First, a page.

Report Finds Energy Drinks Risky for Kids
Researchers Says Poison Centers Are Getting Calls About Caffeine Overdoses in Children
Caffeine Overdoses in Kids continued...
What’s more, researchers say, parents may equate energy drinks to soda or sports drinks, when, in reality, they are very different.
Under FDA rules, soda can’t contain more than 71 milligrams of caffeine in every 12 ounces.
Energy drinks, on the other hand, are regulated as dietary supplements, a designation that means there are no limits on how much caffeine they can contain. Some are packed with as much as 500 milligrams per serving.
“It’s become kind of acceptable,” O’Brien says. “You wouldn’t put an espresso machine in a middle school cafeteria. Nobody in their right mind would do that. Everyone would be up in arms, and yet they think nothing of putting these products in the vending machines.”
Beverage Industry Responds
“When it comes to caffeine, it’s important to put the facts in perspective. Most mainstream energy drinks actually contain about half the caffeine of a similar size cup of coffeehouse coffee. In fact, young adults getting coffee from popular coffeehouses are getting about twice as much caffeine as they would from a similar size energy drink,” says Maureen Storey, PhD, senior vice president of science policy for the American Beverage Association, in a news release.
“What we do know is that caffeine is one of the most thoroughly tested ingredients in the food supply today. It has been deemed safe by the U.S. Food and Drug Administration, as well as more than 140 countries around the world,” the statement says. “Many of our member companies voluntarily list the amount of caffeine on their products’ labels and have provided caffeine content information through their websites and consumer hotlines for years.”
In its statement, the American Beverage Association also took issue with the reports of caffeinated overdoses reported to poison control centers, saying that the researchers had mischaracterized the data.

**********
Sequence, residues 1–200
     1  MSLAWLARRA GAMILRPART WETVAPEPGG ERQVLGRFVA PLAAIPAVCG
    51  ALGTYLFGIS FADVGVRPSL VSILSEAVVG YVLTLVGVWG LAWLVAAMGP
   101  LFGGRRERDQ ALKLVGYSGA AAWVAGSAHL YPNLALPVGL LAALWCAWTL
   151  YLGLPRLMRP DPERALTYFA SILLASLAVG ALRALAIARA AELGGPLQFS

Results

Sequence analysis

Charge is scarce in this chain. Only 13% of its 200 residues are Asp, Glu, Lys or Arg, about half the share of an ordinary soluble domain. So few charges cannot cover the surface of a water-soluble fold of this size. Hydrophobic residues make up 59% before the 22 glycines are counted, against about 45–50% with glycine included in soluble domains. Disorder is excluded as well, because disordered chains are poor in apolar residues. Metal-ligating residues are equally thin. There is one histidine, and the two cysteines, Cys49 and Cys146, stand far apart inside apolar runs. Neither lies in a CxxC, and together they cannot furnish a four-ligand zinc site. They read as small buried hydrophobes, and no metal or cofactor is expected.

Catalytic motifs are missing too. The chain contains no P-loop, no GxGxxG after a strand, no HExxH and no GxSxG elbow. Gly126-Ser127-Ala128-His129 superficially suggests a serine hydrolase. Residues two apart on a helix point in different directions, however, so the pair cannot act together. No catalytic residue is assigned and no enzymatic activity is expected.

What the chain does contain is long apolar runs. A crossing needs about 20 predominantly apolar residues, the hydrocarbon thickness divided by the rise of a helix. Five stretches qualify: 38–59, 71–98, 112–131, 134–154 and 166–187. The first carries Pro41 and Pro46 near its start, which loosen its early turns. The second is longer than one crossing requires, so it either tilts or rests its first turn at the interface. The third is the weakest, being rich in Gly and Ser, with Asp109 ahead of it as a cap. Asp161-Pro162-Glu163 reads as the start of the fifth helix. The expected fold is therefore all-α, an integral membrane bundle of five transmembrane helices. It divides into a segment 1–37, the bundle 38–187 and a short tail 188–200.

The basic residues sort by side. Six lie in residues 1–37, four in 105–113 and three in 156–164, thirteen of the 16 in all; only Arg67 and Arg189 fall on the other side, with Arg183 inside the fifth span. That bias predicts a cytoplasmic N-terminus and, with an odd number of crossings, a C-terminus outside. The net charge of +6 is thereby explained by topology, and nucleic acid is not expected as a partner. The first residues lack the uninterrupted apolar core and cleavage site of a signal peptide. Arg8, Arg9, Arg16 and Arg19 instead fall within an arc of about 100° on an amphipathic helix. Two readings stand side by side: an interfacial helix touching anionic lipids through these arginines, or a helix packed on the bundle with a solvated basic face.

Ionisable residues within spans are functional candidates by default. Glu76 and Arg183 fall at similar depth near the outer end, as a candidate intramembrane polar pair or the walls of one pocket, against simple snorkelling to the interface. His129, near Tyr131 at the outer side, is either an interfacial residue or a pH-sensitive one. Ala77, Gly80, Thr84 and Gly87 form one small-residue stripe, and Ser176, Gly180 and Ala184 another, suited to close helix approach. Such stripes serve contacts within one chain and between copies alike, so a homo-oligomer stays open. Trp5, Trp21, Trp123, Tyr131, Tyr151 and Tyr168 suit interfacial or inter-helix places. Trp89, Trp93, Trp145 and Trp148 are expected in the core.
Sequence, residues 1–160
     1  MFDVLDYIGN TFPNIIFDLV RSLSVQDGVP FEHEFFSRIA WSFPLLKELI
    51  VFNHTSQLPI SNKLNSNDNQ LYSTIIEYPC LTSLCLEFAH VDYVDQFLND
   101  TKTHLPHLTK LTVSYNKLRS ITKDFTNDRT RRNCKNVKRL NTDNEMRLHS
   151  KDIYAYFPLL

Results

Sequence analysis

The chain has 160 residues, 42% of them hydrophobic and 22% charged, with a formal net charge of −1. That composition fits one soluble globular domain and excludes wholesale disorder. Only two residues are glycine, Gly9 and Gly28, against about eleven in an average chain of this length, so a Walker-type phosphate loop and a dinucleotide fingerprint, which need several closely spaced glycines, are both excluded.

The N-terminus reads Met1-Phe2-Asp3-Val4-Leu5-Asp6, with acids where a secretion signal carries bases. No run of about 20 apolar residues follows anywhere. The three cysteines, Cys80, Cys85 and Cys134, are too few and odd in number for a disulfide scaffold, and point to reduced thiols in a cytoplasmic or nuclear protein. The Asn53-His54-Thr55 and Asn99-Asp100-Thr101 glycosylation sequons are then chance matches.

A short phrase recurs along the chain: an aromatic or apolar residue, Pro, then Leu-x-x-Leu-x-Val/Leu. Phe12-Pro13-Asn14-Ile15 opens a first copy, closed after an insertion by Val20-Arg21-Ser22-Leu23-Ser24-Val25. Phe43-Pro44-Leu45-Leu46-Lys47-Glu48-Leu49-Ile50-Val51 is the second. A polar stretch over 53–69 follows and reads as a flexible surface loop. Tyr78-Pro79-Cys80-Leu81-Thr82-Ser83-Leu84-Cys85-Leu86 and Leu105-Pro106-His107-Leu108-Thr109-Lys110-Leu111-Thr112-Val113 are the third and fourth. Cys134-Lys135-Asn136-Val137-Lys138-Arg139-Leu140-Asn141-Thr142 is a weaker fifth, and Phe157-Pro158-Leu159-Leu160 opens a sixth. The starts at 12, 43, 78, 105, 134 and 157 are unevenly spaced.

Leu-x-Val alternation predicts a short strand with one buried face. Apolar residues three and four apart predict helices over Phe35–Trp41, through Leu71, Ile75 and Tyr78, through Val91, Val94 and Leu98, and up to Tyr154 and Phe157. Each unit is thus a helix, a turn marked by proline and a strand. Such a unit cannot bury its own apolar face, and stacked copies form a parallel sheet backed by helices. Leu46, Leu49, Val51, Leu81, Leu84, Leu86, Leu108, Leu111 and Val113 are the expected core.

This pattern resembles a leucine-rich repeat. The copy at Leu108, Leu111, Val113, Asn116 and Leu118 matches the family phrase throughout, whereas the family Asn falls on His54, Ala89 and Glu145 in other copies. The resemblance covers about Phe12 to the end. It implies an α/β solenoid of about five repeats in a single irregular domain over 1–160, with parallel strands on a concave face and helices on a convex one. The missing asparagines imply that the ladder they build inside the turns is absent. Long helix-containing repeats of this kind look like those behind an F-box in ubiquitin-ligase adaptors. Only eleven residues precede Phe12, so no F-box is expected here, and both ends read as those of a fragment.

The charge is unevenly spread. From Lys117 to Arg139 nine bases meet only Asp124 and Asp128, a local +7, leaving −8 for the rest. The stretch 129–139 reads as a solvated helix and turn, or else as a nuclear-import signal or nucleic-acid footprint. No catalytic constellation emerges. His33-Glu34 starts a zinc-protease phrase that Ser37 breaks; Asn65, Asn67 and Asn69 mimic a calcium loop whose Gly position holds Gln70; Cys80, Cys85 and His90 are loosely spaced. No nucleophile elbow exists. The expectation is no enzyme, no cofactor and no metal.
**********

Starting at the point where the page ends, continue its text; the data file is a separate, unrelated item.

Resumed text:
“Further, the review misinterprets the data from a 2007 study by the American Association of Poison Control Centers, which reported more than 5400 caffeine cases from pharmaceutical exposures, not exposure to caffeine from foods or beverages.”
The American Association of Poison Control Centers (AAPCC), for its part, says the researchers got it right.
“As indicated in the paper by Seifert et al., the category caffeine refers to a broad category of caffeine-containing products. The category includes approximately 300 products ranging from coffee to caffeine tablets and various diet aids. At the time of these reports, caffeine-containing energy drinks in the products database were also included in this category,” says Alvin C. Bronstein, MD, acting director of toxicosurveillance for the AAPCC and the medical director for the Rocky Mountain Poison and Drug Center.
What Parents Should Know
Energy drinks may be especially dangerous during sports, says John P. Higgins, MD, assistant professor of medicine at The University of Texas Health Science Center at Houston.
The jolt of caffeine may interfere with something called coronary flow reserve, which is the ability of the arteries around the heart to dilate during intense exercise, a problem that may contribute to heart attacks and abnormal heart rhythms in athletes.
“The caffeine actually makes these arteries more likely to spasm and actually shut,” says Higgins, who recently reviewed the medical literature on energy drinks for paper published in November 2010 in the Mayo Clinic Proceedings.
Caffeine and taurine, which are commonly combined in energy drinks, also makes the heart pound harder than caffeine would alone Higgins, says.
Other experts add that energy drinks may be harmful not just for what’s in them, but what they may replace, drinks like water and milk that hydrate and have minerals and protein that are important for growing bodies. And many are high in calories, which may contribute to obesity.